Preamble section 5:
Whereas the peoples of the United Nations have in the Charter reaffirmed their faith in fundamental human rights, in the dignity and worth of the human person and in the equal rights of men and women and have determined to promote social progress and better standards of life in larger freedom,

Concepts and Ideas

  1. History and Origins of the United Nations
  2. Founding of the Charter

Founding of the Charter

Exactly two months after opening their historic conference, on June 26, 1945, the delegates of the nations of the world reached agreement on the terms of the Charter that would create the United Nations.

The Charter builds on the precedents referred to in the Nuremberg Judgement and states the UN's basic purpose as the securing and maintenance of peace. It does so by providing in Article 2(4) that members "shall refrain in their international relations from the threat or use of force against the territorial integrity or political independence of any state," a rule qualified only by Article 51, which provides that nothing in the Charter shall impair the "inherent right of individual or collective self-defense if an armed attack occurs" against a member state.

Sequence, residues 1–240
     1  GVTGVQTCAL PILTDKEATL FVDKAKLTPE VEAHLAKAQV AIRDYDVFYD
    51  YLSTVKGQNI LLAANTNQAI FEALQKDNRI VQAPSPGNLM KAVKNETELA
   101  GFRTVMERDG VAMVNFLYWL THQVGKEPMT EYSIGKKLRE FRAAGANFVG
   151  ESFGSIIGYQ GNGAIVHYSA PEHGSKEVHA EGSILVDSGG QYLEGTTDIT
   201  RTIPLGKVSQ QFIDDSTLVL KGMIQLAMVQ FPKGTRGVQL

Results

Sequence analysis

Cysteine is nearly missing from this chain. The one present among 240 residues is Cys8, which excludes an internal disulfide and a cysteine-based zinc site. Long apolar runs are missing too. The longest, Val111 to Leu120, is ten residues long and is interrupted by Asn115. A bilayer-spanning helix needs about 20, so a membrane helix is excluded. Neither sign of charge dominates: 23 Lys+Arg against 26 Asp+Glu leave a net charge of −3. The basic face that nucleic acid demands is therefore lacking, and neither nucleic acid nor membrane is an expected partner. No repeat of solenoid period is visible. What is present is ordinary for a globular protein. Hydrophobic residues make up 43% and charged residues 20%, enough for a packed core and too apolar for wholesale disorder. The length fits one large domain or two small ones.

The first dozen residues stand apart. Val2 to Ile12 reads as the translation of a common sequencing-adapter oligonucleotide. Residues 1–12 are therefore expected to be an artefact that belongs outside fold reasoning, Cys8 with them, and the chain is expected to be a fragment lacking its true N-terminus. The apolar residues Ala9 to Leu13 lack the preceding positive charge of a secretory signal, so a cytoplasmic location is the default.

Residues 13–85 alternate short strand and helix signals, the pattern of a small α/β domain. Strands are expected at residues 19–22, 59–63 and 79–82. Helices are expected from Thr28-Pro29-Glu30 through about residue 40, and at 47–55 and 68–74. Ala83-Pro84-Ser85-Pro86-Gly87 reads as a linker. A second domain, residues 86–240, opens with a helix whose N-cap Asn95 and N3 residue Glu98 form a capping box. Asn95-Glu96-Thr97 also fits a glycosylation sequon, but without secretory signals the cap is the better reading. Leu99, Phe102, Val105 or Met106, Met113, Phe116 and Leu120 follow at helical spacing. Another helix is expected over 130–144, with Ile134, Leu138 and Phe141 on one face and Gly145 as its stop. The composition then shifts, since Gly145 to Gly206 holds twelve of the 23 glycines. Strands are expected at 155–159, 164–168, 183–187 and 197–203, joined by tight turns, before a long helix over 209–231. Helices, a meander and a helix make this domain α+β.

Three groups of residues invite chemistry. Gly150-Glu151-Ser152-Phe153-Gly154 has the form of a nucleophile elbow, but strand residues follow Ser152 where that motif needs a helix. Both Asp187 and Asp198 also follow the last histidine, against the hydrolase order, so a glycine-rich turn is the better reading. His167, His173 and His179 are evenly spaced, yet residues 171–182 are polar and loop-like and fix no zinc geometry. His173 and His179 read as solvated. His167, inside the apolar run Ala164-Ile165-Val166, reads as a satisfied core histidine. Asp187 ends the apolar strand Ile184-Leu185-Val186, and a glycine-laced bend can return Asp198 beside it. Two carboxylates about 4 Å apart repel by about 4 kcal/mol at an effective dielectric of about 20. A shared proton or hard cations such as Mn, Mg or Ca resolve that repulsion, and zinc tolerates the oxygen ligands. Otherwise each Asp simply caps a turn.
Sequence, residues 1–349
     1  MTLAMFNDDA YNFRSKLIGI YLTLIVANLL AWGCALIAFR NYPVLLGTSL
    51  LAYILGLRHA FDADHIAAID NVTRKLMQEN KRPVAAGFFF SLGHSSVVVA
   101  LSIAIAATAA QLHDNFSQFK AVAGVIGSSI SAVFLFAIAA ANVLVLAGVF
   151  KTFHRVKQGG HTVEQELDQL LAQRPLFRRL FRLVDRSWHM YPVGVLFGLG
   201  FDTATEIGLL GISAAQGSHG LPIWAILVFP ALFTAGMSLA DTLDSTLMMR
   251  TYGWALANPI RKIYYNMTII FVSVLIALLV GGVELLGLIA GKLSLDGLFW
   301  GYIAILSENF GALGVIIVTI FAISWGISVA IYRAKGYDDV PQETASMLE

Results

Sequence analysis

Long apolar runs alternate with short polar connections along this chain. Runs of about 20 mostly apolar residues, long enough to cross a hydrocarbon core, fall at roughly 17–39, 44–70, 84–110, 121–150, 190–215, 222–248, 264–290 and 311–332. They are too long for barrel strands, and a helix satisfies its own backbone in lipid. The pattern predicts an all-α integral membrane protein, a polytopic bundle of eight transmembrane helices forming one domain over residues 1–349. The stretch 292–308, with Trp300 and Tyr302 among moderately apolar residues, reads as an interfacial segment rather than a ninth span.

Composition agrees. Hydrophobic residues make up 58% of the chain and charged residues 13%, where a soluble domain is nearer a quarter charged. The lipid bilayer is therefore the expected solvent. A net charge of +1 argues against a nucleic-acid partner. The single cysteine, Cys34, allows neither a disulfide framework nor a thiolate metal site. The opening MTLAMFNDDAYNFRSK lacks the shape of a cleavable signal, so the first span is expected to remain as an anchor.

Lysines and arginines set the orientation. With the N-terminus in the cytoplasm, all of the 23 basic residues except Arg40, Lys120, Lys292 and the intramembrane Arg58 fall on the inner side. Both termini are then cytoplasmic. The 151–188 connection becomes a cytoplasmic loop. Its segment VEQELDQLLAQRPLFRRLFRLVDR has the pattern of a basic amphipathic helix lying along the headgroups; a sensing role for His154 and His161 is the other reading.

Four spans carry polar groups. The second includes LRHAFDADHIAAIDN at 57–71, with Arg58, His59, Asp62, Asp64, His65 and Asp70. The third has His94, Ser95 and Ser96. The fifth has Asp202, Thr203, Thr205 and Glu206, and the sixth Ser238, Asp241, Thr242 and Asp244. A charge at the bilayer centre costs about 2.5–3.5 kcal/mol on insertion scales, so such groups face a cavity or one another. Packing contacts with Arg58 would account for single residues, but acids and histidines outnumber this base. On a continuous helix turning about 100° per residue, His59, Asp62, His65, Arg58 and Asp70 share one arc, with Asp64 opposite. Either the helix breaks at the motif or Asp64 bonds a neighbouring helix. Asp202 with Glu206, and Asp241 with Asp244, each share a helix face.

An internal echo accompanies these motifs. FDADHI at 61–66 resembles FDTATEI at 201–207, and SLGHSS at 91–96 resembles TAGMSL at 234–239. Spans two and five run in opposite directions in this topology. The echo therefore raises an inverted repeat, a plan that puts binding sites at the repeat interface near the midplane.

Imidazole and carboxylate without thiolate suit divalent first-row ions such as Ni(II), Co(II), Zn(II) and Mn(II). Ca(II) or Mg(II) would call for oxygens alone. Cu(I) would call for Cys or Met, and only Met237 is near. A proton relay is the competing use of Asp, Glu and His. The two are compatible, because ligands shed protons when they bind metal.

In many respects the Charter resembled the Dumbarton Oaks proposals. It established a powerful Security Council assisted by a Military Staff Committee with primary responsibility for the maintenance of international peace and security dominated by the Great Powers through their permanent membership and veto. It created a General Assembly ("GA") where all nations could have equal votes and address matters of common concern to them all. The Charter instituted an Economic and Social Council ("ECOSOC") to encourage cooperation among nations in a variety of areas and an International Court of Justice ("ICJ"). In addition, it established a Secretariat for the entire organization to be administered by a secretary-general and staff. In some other respects, the Charter marked a notable departure from the Dumbarton Oaks proposals submitted by the Great Powers. This was particularly evident in the area of international human rights. (Lauren, 194)